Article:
Don't get me wrong. I love libraries and I love librarians. I work in a library. I am a librarian, I am married to a librarian, and many of my friends are librarians.

But, I also worry when I see advocacy efforts that appear to be self-congratulatory or pre-emptively defensive. To me, the slogans above fail because they play into the false binary that people must choose between technology OR libraries rather than technology AND libraries.

I worry, because I feel that non-library observers may interpret these slogans as librarians being dismissive of technology rather than as embracers and champions of positive and wise use of technology. I think these statements do not recognize the true value of librarians as humans who additively complement technology rather than replace or compete with it. And, to be frank, if we choose to compete with Google, we will lose.

I strongly feel that we librarians will fail if we insist on selling ourselves as “all-knowing” or at least more knowledgeable than others. While I hope people may find helpful the unique training I have and purpose that I serve, I think that it is important to find messaging that simultaneously respects the expertise and capacity of others in a way that teachers are similarly shifting from roles as “sages on the stage” to “guides on the side.”

I'm still thinking about what I would propose as alternative marketing, but one idea that comes to mind is libraries and librarians as embodiments of hyperlinks rather than as search engines. Instead of being gateway keepers to information or the sole or "best" means for access, how may we emphasize the way libraries facilitate unique opportunities for connection and librarians as humans who help other humans discover and develop connections?

What marketing slogans do you like?

Sunday, October 9, 2016

Exploring a Youth Literature Trend: My Intro to Wattpad

In INFO 268 History of Youth Literature, our challenge this week has been to explore a trend that we do not have much experience with. We could, for instance, read a graphic novel or an e-book, or try out a book-based app.

My immediate thought was to pick a graphic novel from my reading wish list. But, having taken a course on graphic novels just this summer, I decided that since I already have a collection of reviews about various graphic novels, I should challenge myself to explore something else.

Racking my brain about what to look at, I then thought about my recent interviews with teens regarding reading and was reminded of Wattpad! Although I have had basic awareness of Wattpad as a way for students to share their creative writing works and read those of others, I have not previously spent time exploring it in depth, and so I used this week's assignment as an opportunity to do so.

First of all, check out this "Did you know?" blurb from the bottom of the Wattpad website. I'd say it is definitely about time that I check it out!

For my exploration, I looked at both Wattpad's website on my computer and also the app on my phone. When logging in, I noticed that there are a number of ways to browse and search for content:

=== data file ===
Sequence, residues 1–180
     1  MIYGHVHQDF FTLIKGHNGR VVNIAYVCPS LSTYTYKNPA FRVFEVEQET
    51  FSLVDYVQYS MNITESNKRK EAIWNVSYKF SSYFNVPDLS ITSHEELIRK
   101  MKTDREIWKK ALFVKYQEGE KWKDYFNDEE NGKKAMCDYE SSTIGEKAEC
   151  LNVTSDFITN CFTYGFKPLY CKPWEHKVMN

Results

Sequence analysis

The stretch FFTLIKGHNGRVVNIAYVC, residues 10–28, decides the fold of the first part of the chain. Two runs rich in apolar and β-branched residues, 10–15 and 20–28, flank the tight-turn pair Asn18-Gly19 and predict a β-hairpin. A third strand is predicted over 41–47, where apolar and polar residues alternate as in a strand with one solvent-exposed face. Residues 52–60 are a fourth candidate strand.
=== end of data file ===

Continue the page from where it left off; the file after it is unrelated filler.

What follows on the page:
• Browsing by genre/category
  • Searching by tags - Below are currently trending tags. I have traditionally thought of Wattpad in terms of fan fiction related to anime and manga, science fiction and fantasy, and popular entertainment. It was fun to discover there is such variety, including how the election has caused #politics to trend with stories such as Dernie~ A Donald Trump x Bernie Sanders FanficHillary Clinton X reader, and Fifty Shades of Republican.
  • Following specific users - Of note, there is no delineation between who is a reader and who is a writer. A user's profile features lists of what they have read or are reading, plus works that they have written. As an educator, I find it exciting that students may simultaneously participate as consumers and creators. This makes me think about my students who are aspiring writers. They can write now and share their works now. They do not need to simply aspire.
  • Exploring lists - The sheer volume of content may be overwhelming, but Wattpad helps by including lists of what's new, recommended reads, related reads, user reading lists, and more.
  • Considering user rankings - Stories may "rise to the top" based on the number of people who read them and how many times they are starred. Below is a story that has been read 47 million times and has 1.7 million starred ratings!
  • Checking out Watty Award winners - Notice "She's With Me" pictured directly above is tagged #Wattys2016. The Wattys are annual awards that recognize works entered into the writing contest. To enter this year, writers simply had to tag their stories with #Wattys2016. The winners haven't been announced yet, but you can check out the 2015 winners who were selected out of over 75,000 entries. Works were recognized by genre (e.g., LGBT+, Urban, Fanfiction) and category (e.g., Hidden Gems, Best Use of Visuals, Cover-to-Cover), and there are even international winners (e.g., Filipino Winners, Turkish Winners, Russian Winners). In addition to the Watty Awards, Wattpad also encourages writing throughout the year by featuring shorter-term writing contests and challenges